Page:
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Suppose I have a portfolio of stocks $(S)$ and savings account ($\beta_t$) then, the value is

$$V = a_t S_t + b_t \beta_t$$

and for this portfolio to be self replicating, we need by Ito's lemma $$dV = a_t dS_t + b d \beta_t$$

Now let $$a_t = 2B_t, b_t = -t - B_t^2 - 20B_t, S_t = 10 + B_t, \beta_t = 1$$ With $$B_t = \text{Brownian Motion at time t}$$

How can I show if this portfolio is self-financing?

I can write

$$V = a_t S_t + b_t \beta_t = 2B_t(10+B_t) - (t + B_t^2)$$ $$= 20B_t + 2B_t^2 - t - B_t^2 = 20B_t + B_t^2$$

Since $$S_t = 10 + B_t \to dS_t = dB_t ?$$ And $$\beta_t = 1 \to d \beta_t = 0 ?$$

Now I am having difficulty in evaluating $dV$ in these terms. Can someone help?

$$dV = \{....?\}$$

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The portfolio is self-financing. You simply forgot a term in $b$ and a $-t$ term in $V$: \begin{eqnarray} V_t &=& a_t S_t + b_t \beta_t = (2B_t ) (10+ B_t) + (- t - B_t^2 - 20B_t)1 \\ &=& 20B_t + 2B_t^2 - t - B_t^2 - 20B_t \\ &=& B_t^2 - t \end{eqnarray} Applying Ito's lemma \begin{eqnarray} dV_t &=& (2B_t dB_t + \frac{1}{2}2d\langle B,B\rangle_t) - dt \\ &=& 2B_t dB_t \\ &=& a_t dS_t + b_t d\beta_t \end{eqnarray} Since $dS_t = dB_t$ and $d\beta_t = 0$, we have \begin{eqnarray} dV_t &=& a_t dS_t + b_t d\beta_t \end{eqnarray} which is a characterization of a self-financing portfolio.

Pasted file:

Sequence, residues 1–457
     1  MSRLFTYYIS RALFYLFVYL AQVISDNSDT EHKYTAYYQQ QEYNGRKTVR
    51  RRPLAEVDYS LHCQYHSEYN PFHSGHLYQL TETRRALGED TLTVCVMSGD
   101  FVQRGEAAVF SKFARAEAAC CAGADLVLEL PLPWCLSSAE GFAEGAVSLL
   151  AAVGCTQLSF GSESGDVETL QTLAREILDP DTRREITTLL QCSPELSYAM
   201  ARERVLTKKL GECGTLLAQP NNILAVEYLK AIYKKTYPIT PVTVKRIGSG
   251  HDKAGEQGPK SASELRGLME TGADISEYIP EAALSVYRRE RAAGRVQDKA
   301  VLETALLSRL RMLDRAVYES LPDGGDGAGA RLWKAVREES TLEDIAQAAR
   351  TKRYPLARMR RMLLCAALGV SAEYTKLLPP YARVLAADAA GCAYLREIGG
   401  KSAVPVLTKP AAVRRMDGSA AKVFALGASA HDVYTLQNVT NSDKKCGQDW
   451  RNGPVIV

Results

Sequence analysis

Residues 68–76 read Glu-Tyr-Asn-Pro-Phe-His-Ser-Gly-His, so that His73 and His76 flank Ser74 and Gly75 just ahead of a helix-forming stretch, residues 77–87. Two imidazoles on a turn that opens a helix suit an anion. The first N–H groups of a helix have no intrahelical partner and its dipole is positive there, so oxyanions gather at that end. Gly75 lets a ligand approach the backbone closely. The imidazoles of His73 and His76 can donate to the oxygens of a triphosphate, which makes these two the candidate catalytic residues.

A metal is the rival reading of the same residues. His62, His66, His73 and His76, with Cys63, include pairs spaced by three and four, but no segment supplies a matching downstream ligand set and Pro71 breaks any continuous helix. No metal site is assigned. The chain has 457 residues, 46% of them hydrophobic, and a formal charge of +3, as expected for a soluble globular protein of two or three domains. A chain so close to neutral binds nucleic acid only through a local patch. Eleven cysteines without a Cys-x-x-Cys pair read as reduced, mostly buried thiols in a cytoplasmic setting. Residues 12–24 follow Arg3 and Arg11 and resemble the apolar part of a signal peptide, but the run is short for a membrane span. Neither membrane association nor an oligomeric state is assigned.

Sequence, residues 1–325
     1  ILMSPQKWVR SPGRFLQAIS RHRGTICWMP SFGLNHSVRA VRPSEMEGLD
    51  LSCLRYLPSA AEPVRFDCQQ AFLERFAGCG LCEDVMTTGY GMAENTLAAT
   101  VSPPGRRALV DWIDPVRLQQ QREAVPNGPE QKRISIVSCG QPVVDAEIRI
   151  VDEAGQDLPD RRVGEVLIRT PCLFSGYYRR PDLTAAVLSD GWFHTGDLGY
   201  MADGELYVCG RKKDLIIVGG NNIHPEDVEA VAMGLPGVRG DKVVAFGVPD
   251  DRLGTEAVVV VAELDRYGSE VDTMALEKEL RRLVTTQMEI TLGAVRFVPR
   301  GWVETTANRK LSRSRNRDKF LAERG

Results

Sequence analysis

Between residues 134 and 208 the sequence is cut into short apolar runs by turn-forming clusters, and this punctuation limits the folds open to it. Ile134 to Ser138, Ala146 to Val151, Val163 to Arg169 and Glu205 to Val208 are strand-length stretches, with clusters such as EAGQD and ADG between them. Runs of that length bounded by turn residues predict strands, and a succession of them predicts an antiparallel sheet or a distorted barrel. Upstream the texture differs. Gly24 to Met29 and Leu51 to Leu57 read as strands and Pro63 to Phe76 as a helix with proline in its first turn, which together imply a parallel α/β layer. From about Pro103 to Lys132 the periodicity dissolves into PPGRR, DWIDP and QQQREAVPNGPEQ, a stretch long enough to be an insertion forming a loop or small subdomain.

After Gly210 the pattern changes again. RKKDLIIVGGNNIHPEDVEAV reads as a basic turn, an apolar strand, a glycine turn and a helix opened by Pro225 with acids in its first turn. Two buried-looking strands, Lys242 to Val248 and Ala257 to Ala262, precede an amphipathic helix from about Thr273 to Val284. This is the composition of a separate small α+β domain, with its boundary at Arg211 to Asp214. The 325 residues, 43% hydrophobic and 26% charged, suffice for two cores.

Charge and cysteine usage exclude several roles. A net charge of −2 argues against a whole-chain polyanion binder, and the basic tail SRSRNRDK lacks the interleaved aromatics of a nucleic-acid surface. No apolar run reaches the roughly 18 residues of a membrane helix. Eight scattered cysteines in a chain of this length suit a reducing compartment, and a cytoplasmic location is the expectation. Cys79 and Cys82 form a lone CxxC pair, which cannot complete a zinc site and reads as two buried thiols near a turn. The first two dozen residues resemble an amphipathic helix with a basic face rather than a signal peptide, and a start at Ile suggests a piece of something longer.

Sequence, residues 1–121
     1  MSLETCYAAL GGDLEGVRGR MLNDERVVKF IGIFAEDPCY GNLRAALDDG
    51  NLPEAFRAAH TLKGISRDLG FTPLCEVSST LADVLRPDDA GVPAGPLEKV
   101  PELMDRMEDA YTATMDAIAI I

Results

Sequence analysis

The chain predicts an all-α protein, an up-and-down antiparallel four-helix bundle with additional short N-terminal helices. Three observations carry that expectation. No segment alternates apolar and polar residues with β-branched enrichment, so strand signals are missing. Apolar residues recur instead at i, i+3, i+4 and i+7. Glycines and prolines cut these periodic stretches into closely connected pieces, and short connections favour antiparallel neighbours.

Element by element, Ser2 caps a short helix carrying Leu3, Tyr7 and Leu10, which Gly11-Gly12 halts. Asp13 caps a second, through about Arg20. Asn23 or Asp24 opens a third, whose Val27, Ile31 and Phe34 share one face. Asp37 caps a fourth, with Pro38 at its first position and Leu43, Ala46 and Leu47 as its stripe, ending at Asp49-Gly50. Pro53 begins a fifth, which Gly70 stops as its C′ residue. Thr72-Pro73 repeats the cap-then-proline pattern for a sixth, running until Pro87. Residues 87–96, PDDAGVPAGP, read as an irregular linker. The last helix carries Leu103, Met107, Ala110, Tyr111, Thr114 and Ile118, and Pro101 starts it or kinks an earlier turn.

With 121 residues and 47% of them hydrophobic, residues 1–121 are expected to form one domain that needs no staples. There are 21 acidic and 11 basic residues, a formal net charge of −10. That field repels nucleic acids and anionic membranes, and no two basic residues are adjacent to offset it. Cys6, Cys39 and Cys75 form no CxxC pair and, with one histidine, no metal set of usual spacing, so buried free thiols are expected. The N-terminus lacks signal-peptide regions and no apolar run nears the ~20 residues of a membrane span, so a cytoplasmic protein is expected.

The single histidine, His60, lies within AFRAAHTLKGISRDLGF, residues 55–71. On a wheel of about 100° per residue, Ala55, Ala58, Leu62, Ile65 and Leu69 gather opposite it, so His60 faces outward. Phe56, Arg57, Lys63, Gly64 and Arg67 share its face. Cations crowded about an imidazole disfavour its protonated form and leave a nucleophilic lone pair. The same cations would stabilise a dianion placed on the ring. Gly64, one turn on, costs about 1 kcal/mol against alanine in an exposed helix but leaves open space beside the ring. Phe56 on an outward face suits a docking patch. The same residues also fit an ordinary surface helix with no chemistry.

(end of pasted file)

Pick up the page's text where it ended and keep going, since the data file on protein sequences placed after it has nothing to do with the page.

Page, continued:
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  • $\begingroup$ Thanks AFK, I had written it down correctly, however transcribed it wrong when typing it up. My main issue was on how to apply Ito's lemma, but thanks for clearing that up for me. :) $\endgroup$ – piman314 May 6 '15 at 2:33
  • $\begingroup$ Could I further ask, if I wanted to show whether this was an arbitrage strategy or not, I would just need to verifty: 1) $V_0 = 0$ 2) $P(V_T \geq 0) = 1$ 3) $P(V_T \geq 0) >0$ Correct? How would I handle the last two cases? I took the $\mathbb{E} V_T = 0$ thus concluded $P(V_T \geq 0) \neq 1)$ and thus the portfolio is not an arbitrage strategy. is this correct? $\endgroup$ – piman314 May 6 '15 at 2:35
  • $\begingroup$ 3) Is false. The correct formulation is $P(V_T>0) > 0$ (else 2) would imply 3) and a strategy yielding 0 would be an arbitrage). To prove that this is not an arbitrage strategy, you can indeed use that $E[V_T] = 0$. For that you should prove that a non negative random variable with zero expectation is almost surely zero (not too difficult). $\endgroup$ – AFK May 6 '15 at 3:32
  • $\begingroup$ Yes! this is exactly what I did, since $$E[V_T] = 0$$ then $$P[V_T < 0] > 0, P[V_T>0]>0$$ therefore its impossible for $P(V_T \geq 0 = 1)$ Thanks for the confirmation $\endgroup$ – piman314 May 7 '15 at 11:21

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